Tesla asks U.S. court to dismiss lawsuits related to layoffs

Electric car maker Tesla asked a U.S. court to dismiss a lawsuit related to recent layoffs. In the lawsuit, Tesla is accused of violating federal law by firing hundreds of employees without notice.


Tesla filed documents in federal court in Austin, Texas, where the company is headquartered, alleging that the fired employees had signed valid agreements with them to submit employment-related legal disputes to arbitration rather than courts and that they were not entitled to participate in a class. litigation.


Tesla said that even though the case is still in court, it should be dismissed because the company made "reasonable layoffs" by firing "underperforming" employees, not layoffs that required advance notice. Lawyers for the plaintiffs did not immediately respond to a request for comment.


Tesla CEO Elon Musk recently said the company would reduce its salaried workforce by about 10% and would also increase the hiring of hourly workers. Overall, the company-wide layoff rate will be 3%. Tesla began notifying affected employees in May and June, and the layoffs continued through July.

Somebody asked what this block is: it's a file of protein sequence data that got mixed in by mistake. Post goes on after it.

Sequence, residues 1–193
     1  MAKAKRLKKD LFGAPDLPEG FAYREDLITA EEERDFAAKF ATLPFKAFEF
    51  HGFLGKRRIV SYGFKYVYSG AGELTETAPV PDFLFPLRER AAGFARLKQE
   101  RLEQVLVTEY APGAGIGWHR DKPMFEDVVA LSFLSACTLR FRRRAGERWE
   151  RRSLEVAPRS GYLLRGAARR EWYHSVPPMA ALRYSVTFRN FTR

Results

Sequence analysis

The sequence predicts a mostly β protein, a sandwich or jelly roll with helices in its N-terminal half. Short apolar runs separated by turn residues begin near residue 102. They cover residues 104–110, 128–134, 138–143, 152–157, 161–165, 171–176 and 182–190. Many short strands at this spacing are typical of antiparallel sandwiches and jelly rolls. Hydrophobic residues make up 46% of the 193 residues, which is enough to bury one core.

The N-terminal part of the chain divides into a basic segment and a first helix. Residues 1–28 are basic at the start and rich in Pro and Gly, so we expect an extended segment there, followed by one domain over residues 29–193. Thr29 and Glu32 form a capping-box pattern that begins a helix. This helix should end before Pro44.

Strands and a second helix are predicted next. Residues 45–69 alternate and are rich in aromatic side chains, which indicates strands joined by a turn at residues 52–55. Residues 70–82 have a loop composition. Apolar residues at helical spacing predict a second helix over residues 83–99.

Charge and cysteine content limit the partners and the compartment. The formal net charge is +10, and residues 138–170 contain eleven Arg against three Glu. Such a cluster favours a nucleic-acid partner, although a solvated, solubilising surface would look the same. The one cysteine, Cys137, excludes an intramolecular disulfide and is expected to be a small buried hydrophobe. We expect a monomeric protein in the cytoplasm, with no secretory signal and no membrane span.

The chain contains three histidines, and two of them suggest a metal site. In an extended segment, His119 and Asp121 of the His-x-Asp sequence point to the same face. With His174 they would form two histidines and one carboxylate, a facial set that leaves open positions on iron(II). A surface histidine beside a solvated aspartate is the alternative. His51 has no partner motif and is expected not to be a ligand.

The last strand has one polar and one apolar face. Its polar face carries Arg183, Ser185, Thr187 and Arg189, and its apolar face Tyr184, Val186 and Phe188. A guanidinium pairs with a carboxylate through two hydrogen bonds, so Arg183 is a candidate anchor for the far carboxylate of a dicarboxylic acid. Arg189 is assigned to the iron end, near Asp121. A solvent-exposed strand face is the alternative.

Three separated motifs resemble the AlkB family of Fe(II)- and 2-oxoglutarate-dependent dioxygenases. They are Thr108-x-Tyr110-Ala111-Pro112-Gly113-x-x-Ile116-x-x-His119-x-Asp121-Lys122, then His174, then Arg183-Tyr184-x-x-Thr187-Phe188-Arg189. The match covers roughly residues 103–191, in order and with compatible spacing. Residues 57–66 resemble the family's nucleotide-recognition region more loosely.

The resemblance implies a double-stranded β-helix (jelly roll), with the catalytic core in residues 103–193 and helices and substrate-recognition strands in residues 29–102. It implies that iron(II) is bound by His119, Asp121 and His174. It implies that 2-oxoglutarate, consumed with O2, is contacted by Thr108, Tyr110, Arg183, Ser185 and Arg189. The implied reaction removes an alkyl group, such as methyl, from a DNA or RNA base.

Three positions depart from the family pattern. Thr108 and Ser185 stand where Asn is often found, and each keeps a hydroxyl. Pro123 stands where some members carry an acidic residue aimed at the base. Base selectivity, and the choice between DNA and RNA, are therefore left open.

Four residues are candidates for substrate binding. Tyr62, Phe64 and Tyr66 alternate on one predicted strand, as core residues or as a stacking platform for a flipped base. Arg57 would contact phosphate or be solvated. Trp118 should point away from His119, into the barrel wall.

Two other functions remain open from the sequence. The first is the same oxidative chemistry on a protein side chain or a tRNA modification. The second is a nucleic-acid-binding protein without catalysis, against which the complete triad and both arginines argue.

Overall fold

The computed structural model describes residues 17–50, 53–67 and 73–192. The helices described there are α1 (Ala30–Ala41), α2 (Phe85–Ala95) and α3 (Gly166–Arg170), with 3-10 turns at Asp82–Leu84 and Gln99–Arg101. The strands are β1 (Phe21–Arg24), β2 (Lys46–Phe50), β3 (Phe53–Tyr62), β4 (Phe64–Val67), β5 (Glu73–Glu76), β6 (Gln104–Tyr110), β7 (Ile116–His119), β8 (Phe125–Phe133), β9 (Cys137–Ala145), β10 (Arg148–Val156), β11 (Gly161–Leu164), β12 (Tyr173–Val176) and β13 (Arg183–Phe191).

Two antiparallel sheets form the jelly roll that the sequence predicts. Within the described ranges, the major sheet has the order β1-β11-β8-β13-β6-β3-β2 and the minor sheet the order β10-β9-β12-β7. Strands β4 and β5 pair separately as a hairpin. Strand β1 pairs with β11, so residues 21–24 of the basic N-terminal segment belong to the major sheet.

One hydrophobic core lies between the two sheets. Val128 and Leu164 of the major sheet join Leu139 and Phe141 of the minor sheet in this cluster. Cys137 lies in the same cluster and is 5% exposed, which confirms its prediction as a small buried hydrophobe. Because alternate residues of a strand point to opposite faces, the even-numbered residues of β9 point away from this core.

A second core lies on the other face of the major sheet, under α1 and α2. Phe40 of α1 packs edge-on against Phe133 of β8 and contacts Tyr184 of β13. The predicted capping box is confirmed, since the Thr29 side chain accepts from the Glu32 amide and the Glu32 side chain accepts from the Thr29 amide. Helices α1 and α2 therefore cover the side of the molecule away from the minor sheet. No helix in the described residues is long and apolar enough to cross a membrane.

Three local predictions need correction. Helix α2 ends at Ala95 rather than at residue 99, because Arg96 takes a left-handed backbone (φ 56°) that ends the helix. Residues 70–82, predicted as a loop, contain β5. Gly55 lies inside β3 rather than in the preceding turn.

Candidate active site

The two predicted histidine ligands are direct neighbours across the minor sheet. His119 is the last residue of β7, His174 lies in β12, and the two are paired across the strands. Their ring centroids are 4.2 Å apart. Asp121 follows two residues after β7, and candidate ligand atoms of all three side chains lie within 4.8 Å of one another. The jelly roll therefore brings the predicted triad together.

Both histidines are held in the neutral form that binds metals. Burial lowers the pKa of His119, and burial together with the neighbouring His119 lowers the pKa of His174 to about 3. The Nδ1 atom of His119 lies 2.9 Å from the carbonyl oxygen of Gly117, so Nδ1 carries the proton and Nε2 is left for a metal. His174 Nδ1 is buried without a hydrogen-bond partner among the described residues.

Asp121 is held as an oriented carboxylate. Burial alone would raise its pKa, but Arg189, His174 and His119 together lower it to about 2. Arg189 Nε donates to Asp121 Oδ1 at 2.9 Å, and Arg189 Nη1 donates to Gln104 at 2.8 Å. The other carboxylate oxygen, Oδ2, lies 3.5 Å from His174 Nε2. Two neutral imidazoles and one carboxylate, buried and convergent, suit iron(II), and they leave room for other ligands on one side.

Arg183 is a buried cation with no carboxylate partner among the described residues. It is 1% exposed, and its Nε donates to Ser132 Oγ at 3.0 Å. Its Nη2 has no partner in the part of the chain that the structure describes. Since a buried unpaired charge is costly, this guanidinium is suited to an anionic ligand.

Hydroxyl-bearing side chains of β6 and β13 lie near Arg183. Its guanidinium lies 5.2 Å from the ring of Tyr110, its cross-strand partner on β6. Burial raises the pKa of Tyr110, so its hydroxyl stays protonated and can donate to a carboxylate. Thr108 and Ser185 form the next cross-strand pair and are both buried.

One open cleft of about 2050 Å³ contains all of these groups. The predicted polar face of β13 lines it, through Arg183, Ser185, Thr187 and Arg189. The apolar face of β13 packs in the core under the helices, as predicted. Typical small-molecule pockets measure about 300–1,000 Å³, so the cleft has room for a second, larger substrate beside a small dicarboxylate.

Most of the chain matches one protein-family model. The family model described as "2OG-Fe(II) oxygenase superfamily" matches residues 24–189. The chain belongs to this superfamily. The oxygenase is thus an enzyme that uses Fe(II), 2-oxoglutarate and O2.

Recently, Tesla closed its Autopilot office for driver assistance systems in San Mateo, California, laying off more than 200 workers. The remaining employees will be transferred to the company's Autopilot offices in Buffalo, New York.


The federal Worker Adjustment and Retraining Notification Act (WARN) requires companies to give employees at least 60 days' notice when deciding to make a mass layoff unless the layoff is caused by a natural disaster or "unforeseen business circumstances."


In June, two former employees filed a lawsuit against Tesla, accusing the company of breaking the law by abruptly firing more than 500 workers at its Sparks, Nevada Gigafactory.


The two plaintiffs are seeking class-action status for all former Tesla employees across the country who were fired without notice in May or June. Last week, they also moved to stop Tesla from requiring employees to sign severance agreements that waive the right to sue the company in exchange for one to two weeks of wages.


Tesla said in Thursday's filing that the company typically requires laid-off employees to sign waivers. The agreements were appropriate because no worker was required to sign a waiver after filing a lawsuit. Because some courts have held that waivers signed by workers during litigation are invalid.

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